Charles Dickens

It will be liberal enough, dear Marion; like your own.'

With that, she resumed the work she had for a moment laid down, when her sister spoke so fervently: and with it the old song the Doctor liked to hear. And the Doctor, still reposing in his easy- chair, with his slippered feet stretched out before him on the rug, listened to the tune, and beat time on his knee with Alfred's letter, and looked at his two daughters, and thought that among the many trifles of the trifling world, these trifles were agreeable enough.

Clemency Newcome, in the meantime, having accomplished her mission and lingered in the room until she had made herself a party to the news, descended to the kitchen, where her coadjutor, Mr. Britain, was regaling after supper, surrounded by such a plentiful collection of bright pot-lids, well-scoured saucepans, burnished dinner-covers, gleaming kettles, and other tokens of her industrious habits, arranged upon the walls and shelves, that he sat as in the centre of a hall of mirrors. The majority did not give forth very flattering portraits of him, certainly; nor were they by any means unanimous in their reflections; as some made him very long-faced, others very broad-faced, some tolerably well- looking, others vastly ill-looking, according to their several manners of reflecting: which were as various, in respect of one fact, as those of so many kinds of men. But they all agreed that in the midst of them sat, quite at his ease, an individual with a pipe in his mouth, and a jug of beer at his elbow, who nodded condescendingly to Clemency, when she stationed herself at the same table.

'Well, Clemmy,' said Britain, 'how are you by this time, and what's the news?'

Clemency told him the news, which he received very graciously. A gracious change had come over Benjamin from head to foot. He was much broader, much redder, much more cheerful, and much jollier in all respects. It seemed as if his face had been tied up in a knot before, and was now untwisted and smoothed out.

'There'll be another job for Snitchey and Craggs, I suppose,' he observed, puffing slowly at his pipe. 'More witnessing for you and me, perhaps, Clemmy!'

'Lor!' replied his fair companion, with her favourite twist of her favourite joints. 'I wish it was me, Britain!'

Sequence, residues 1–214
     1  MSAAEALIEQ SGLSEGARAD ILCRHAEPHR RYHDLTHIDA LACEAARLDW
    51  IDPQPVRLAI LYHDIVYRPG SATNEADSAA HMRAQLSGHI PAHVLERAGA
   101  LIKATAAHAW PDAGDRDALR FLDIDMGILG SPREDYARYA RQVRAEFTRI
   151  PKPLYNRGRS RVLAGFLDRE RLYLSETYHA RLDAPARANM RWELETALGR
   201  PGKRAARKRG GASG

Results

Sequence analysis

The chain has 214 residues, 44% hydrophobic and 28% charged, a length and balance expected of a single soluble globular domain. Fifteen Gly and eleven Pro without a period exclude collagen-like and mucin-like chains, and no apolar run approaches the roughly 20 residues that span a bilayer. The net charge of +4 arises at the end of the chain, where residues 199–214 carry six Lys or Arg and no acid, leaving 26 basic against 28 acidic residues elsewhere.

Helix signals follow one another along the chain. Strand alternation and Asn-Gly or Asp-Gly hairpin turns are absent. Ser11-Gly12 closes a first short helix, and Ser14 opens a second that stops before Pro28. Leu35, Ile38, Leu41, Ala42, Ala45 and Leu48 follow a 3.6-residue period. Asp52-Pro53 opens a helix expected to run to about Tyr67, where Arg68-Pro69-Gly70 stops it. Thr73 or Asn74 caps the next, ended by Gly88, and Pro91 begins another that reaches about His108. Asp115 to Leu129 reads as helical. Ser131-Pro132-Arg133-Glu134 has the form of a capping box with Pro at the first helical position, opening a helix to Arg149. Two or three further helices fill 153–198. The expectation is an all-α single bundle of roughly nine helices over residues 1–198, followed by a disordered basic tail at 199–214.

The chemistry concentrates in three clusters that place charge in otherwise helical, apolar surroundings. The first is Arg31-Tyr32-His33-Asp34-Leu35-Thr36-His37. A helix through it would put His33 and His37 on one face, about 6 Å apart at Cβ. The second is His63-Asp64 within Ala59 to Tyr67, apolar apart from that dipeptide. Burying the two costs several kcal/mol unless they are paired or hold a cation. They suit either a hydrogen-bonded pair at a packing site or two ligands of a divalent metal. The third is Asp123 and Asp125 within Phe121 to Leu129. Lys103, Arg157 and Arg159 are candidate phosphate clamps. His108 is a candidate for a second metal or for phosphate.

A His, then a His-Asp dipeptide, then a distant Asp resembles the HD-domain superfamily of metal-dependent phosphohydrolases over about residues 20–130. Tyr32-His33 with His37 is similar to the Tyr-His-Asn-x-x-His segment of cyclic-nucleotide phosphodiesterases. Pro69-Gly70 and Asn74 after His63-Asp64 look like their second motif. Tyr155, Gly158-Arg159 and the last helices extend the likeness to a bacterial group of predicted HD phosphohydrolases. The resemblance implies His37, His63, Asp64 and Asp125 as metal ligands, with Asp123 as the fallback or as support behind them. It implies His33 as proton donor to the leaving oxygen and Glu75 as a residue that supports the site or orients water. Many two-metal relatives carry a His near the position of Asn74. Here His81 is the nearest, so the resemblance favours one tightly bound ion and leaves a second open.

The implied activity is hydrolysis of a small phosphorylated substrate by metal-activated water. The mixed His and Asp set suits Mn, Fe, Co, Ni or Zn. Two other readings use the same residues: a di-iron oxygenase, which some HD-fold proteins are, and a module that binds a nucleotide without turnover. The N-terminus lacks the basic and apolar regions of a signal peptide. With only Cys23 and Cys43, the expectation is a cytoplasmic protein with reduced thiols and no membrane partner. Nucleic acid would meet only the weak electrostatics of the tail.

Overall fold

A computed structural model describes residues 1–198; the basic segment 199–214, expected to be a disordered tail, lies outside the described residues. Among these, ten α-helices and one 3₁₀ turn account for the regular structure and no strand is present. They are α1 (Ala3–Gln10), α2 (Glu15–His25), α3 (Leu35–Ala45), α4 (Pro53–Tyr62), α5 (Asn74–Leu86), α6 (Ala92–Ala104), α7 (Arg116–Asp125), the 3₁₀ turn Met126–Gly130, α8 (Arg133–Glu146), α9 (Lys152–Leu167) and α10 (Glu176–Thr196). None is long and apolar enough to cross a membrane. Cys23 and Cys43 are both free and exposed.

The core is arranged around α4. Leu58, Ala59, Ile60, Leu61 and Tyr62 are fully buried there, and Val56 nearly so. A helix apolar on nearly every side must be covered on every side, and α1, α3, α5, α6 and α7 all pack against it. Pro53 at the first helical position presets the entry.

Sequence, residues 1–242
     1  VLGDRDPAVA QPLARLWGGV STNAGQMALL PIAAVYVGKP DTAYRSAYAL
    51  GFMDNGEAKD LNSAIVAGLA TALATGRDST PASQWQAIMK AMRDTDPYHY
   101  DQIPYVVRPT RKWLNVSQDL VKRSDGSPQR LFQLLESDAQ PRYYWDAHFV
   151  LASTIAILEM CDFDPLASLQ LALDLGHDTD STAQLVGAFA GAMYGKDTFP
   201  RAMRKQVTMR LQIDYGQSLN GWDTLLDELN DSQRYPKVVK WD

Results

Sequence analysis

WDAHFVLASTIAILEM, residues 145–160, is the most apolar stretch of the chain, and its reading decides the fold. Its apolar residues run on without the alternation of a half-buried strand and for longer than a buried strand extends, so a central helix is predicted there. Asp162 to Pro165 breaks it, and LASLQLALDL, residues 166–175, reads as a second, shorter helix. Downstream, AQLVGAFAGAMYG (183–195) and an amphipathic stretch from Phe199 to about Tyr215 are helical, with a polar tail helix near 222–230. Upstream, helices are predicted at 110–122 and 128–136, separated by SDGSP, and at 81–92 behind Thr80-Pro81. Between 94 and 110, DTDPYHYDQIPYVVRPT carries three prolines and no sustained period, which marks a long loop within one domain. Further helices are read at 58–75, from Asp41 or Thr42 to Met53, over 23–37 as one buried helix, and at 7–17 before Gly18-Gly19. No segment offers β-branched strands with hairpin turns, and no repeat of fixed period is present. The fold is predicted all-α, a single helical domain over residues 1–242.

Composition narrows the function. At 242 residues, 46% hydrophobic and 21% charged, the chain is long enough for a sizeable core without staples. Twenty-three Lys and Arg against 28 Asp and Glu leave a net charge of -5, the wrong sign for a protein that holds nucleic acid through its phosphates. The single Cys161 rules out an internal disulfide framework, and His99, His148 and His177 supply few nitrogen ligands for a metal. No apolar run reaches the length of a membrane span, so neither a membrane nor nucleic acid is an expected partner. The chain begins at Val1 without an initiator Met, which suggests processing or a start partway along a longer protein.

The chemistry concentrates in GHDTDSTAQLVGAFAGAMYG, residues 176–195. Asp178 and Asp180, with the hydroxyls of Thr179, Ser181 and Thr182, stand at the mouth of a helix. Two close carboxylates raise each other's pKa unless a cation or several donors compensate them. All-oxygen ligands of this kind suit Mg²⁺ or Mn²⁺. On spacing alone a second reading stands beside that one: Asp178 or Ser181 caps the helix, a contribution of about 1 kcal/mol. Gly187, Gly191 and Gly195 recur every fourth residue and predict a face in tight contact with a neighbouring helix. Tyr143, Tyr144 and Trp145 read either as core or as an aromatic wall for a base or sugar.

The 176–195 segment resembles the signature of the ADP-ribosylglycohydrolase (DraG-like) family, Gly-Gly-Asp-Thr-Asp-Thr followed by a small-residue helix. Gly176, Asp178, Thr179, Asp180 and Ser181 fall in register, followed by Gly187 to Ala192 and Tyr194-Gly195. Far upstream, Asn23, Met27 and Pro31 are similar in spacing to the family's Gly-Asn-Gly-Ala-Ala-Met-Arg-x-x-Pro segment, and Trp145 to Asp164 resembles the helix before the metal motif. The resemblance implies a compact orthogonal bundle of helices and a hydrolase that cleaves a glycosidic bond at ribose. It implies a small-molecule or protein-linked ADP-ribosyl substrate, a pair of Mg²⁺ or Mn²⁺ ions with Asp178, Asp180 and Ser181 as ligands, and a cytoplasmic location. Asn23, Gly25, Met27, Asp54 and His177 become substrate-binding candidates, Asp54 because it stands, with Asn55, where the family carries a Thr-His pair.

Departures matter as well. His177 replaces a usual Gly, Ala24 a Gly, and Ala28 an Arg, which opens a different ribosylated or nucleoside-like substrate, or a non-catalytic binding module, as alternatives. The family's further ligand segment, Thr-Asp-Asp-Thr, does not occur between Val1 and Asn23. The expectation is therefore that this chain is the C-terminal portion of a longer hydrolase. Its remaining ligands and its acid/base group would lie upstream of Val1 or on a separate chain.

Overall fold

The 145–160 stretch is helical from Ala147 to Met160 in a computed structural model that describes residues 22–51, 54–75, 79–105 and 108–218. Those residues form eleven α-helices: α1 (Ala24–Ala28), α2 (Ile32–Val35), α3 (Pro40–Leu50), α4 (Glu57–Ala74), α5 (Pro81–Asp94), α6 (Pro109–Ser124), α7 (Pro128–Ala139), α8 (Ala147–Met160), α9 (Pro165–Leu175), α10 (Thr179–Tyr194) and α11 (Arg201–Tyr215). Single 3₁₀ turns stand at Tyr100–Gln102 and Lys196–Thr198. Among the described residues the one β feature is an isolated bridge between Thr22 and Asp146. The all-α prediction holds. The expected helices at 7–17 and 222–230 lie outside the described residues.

'Wish what was you?'

'A-going to be married,' said Clemency.

Benjamin took his pipe out of his mouth and laughed heartily. 'Yes! you're a likely subject for that!' he said. 'Poor Clem!' Clemency for her part laughed as heartily as he, and seemed as much amused by the idea. 'Yes,' she assented, 'I'm a likely subject for that; an't I?'

'YOU'LL never be married, you know,' said Mr. Britain, resuming his pipe.

'Don't you think I ever shall though?' said Clemency, in perfect good faith.

Mr. Britain shook his head. 'Not a chance of it!'

'Only think!' said Clemency. 'Well! - I suppose you mean to, Britain, one of these days; don't you?'

A question so abrupt, upon a subject so momentous, required consideration. After blowing out a great cloud of smoke, and looking at it with his head now on this side and now on that, as if it were actually the question, and he were surveying it in various aspects, Mr. Britain replied that he wasn't altogether clear about it, but - ye-es - he thought he might come to that at last.

'I wish her joy, whoever she may be!' cried Clemency.

'Oh she'll have that,' said Benjamin, 'safe enough.'

'But she wouldn't have led quite such a joyful life as she will lead, and wouldn't have had quite such a sociable sort of husband as she will have,' said Clemency, spreading herself half over the table, and staring retrospectively at the candle, 'if it hadn't been for - not that I went to do it, for it was accidental, I am sure - if it hadn't been for me; now would she, Britain?'

'Certainly not,' returned Mr. Britain, by this time in that high state of appreciation of his pipe, when a man can open his mouth but a very little way for speaking purposes; and sitting luxuriously immovable in his chair, can afford to turn only his eyes towards a companion, and that very passively and gravely. 'Oh! I'm greatly beholden to you, you know, Clem.'

'Lor, how nice that is to think of!' said Clemency.